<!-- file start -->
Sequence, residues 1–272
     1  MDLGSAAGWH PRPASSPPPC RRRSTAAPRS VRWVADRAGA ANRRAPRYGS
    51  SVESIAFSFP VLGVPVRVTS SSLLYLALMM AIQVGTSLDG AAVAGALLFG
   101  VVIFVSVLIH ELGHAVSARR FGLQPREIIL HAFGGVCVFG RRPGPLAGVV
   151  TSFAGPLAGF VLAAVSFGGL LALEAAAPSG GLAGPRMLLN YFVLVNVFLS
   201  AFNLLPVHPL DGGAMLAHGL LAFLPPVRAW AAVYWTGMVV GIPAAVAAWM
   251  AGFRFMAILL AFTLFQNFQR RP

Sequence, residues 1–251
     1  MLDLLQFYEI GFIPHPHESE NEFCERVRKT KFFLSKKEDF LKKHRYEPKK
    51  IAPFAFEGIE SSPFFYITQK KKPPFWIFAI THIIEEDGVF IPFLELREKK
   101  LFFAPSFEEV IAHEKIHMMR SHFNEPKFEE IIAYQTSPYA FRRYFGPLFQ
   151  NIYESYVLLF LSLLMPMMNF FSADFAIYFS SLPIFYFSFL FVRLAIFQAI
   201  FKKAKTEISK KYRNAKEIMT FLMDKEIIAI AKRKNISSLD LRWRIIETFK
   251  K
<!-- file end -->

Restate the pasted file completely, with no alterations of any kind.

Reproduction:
Sequence, residues 1–272
     1  MDLGSAAGWH PRPASSPPPC RRRSTAAPRS VRWVADRAGA ANRRAPRYGS
    51  SVESIAFSFP VLGVPVRVTS SSLLYLALMM AIQVGTSLDG AAVAGALLFG
   101  VVIFVSVLIH ELGHAVSARR FGLQPREIIL HAFGGVCVFG RRPGPLAGVV
   151  TSFAGPLAGF VLAAVSFGGL LALEAAAPSG GLAGPRMLLN YFVLVNVFLS
   201  AFNLLPVHPL DGGAMLAHGL LAFLPPVRAW AAVYWTGMVV GIPAAVAAWM
   251  AGFRFMAILL AFTLFQNFQR RP

Sequence, residues 1–251
     1  MLDLLQFYEI GFIPHPHESE NEFCERVRKT KFFLSKKEDF LKKHRYEPKK
    51  IAPFAFEGIE SSPFFYITQK KKPPFWIFAI THIIEEDGVF IPFLELREKK
   101  LFFAPSFEEV IAHEKIHMMR SHFNEPKFEE IIAYQTSPYA FRRYFGPLFQ
   151  NIYESYVLLF LSLLMPMMNF FSADFAIYFS SLPIFYFSFL FVRLAIFQAI
   201  FKKAKTEISK KYRNAKEIMT FLMDKEIIAI AKRKNISSLD LRWRIIETFK
   251  K